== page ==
They started to collaborate from 2003, starting a global hunt which resulted in finding five aircraft – two in museums in Argentina, and three sold to a Luxembourg company (of one one remains in Luxembourg, another was sold on to the UK, and the most important ended up at Fort Lauderdale in Florida). Their book depicts the aeroplanes and some of the evidence they built up, as well as other aspects of the dictatorship’s crimes and their aftereffects.
“One plane, used for the postal service, was found with the original flight plans that, once decoded by Enrique Pigneto, allowed us to identify the suspect flights departing on Wednesdays,” Ceraudo explains.
“For example to cover Buenos Aires-Punta Indio, a distance of 150 kilometers, four hours flight had been allowed. The following charge lead to the arrest of three pilots, who are currently waiting for judgment.”
Destino Final by Giancarlo Ceraudo is published by Schilt Publishing, available in stores and online for £40.
Skyvan PA-51, one of the five planes of the Argentine Naval Prefecture used for death flights during the 1976-1983 military dictatorship. According to the investigation, this aircraft operated the flight on 14 December 1977. Fort Lauderdale, Florida, United States, 2013 © Giancarlo Ceraudo, courtesy of the artist
One of the Mothers of Plaza de Mayo – a group of mothers whose children disappeared – cries on her son’s name, which is inscribed on the wall of the Park of Memory, the Monument to the Victims of State Terrorism located along the coastline of the Río de la Plata river. Buenos Aires, Argentina, 2007 © Giancarlo Ceraudo/ Schilt Publishing, courtesy of the artist
Von Wernich, wearing a bullet-proof vest, enters the courtroom before the verdict. The court found him guilty of complicity in seven homicides, 42 kidnappings, and 32 instances of torture, and sentenced him to life imprisonment. La Plata, Buenos Aires Province, Argentina, 2007 © Giancarlo Ceraudo/ Schilt Publishing, courtesy of the artist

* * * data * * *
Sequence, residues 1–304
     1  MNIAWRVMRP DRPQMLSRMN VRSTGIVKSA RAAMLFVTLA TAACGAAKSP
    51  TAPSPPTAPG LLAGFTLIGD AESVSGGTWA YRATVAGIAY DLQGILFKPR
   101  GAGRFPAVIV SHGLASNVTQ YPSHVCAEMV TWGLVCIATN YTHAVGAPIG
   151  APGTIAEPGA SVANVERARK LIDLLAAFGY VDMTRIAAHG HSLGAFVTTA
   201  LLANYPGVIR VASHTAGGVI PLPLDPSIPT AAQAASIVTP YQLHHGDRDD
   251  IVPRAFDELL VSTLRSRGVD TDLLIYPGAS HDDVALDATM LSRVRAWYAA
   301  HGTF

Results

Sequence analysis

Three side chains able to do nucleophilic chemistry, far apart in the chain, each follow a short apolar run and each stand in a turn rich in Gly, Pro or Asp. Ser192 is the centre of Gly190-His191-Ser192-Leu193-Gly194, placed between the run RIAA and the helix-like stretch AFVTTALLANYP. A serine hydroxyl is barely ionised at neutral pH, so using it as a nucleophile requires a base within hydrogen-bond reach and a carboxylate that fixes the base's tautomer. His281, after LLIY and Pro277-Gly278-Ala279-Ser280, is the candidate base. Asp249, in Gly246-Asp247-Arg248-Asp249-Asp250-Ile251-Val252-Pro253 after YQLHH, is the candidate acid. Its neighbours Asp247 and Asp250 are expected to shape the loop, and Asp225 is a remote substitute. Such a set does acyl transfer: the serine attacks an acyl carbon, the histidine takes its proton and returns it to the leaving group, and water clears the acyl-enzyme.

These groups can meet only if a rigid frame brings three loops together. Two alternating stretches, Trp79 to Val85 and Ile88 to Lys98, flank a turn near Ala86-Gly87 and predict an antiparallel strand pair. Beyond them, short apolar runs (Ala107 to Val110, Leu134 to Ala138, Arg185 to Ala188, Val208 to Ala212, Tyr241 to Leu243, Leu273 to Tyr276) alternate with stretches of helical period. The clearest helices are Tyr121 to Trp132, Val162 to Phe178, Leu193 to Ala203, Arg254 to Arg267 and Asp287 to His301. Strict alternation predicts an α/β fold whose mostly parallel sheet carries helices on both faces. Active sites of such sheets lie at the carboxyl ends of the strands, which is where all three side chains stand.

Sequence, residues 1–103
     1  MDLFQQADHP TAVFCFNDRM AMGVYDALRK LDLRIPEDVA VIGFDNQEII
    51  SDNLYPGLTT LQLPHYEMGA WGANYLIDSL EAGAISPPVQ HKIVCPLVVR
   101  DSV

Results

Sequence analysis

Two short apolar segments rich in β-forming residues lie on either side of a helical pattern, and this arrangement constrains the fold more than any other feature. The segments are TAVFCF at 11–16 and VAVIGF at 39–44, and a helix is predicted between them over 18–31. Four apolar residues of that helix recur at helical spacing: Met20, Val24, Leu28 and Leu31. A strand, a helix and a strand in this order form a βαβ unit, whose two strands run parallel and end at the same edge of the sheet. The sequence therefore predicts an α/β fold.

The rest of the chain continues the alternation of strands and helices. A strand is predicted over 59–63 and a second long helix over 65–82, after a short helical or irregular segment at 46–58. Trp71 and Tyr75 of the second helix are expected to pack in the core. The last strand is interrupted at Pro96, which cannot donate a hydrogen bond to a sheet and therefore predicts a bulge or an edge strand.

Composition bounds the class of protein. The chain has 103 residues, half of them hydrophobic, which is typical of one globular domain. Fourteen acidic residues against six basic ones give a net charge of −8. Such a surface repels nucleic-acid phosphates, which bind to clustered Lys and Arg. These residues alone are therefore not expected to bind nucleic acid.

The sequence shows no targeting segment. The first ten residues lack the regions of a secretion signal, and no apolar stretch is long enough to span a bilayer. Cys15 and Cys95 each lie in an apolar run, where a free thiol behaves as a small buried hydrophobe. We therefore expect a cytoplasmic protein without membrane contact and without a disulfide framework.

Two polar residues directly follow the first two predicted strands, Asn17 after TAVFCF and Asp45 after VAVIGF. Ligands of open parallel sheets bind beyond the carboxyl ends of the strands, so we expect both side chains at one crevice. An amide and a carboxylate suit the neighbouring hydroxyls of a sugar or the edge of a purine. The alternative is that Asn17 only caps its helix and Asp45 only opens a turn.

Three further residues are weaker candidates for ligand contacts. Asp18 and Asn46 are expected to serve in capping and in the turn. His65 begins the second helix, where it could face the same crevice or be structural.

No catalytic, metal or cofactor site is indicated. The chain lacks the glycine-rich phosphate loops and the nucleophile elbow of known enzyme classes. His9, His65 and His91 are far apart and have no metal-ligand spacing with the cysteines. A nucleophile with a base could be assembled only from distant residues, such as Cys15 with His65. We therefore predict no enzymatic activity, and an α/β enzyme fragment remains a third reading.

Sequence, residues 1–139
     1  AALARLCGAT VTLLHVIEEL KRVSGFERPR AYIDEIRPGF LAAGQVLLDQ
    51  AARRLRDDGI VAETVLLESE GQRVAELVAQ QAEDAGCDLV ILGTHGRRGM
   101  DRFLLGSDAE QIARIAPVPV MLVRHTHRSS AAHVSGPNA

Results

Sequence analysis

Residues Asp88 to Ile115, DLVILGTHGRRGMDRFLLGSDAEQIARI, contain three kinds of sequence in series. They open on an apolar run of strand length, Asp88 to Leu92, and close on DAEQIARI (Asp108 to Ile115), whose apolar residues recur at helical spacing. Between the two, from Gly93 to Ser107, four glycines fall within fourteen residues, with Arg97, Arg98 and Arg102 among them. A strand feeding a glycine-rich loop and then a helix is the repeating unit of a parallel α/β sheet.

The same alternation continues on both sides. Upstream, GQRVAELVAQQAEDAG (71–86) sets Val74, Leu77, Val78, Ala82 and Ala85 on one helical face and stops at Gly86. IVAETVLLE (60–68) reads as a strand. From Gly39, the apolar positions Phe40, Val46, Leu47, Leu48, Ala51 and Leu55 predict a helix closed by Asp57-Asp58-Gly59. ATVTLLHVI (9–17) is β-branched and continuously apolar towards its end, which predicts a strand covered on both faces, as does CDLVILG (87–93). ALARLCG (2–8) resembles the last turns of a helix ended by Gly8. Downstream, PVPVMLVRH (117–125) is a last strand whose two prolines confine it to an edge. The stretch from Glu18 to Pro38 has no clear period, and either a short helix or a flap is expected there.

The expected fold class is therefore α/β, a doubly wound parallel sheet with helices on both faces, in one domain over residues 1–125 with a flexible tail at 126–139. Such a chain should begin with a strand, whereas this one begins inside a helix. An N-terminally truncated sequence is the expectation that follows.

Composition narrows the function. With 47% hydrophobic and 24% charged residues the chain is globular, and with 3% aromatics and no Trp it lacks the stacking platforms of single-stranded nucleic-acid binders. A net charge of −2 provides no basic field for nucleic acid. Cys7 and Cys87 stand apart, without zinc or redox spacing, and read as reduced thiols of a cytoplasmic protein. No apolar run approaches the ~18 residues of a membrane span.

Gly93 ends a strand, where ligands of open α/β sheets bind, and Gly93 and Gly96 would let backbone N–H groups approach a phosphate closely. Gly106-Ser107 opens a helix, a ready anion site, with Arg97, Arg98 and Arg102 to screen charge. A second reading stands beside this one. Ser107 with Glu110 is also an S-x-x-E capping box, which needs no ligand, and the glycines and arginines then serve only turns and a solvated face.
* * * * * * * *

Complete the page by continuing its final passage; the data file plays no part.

People holding some photographs of Desaparecidos at a public rally during the anniversary of the 1976 military coup. Buenos Aires, Argentina, 24 March 2011 © Giancarlo Ceraudo/ Schilt Publishing, courtesy of the artist
A forensic anthropologist examines the remains of a body recovered from a mass grave. The Argentine Forensic Anthropology Team is a non-governmental, not-for-profit, scientific organisation that applies forensic sciences – mainly forensic anthropology and archaeology- to the investigation of human rights violations in Argentina and worldwide. EAAF was established in 1984 to investigate the cases of at least 9000 disappeared people in Argentina under the military government that ruled from 1976-1983. © Giancarlo Ceraudo/ Schilt Publishing, courtesy of the artist
Inside view of Pozo de Banfield, a concentration camp where around 300 people were held prisoner, including many pregnant women. Their babies were taken at birth and given to families connected with the military regime to adopt. Banfield, Buenos Aires Province, Argentina, 2015 © Giancarlo Ceraudo/ Schilt Publishing, courtesy of the artist
Horacio Bau’s funeral. Forensic anthropologists returned his remains to his family 30 years after his disappearance during the dictatorship. Trelew, Chubut Province, Argentina, 2007 © Giancarlo Ceraudo/ Schilt Publishing, courtesy of the artist
A group of policemen at the entrance of the Tribunal Oral y Federal Nº 5 during the third trial for crimes against humanity committed at the ESMA. Buenos Aires, Argentina, 2012 © Giancarlo Ceraudo/Schilt Publishing, courtesy of the artist
Victor Basterra was kidnapped and brutally tortured at the ESMA. He has been photographed in the office of Miguel Adolfo Donda, one of the most brutal torturers of the barracks, Buenos Aires, Argentina, 2008 © Giancarlo Ceraudo/Schilt Publishing, courtesy of the artist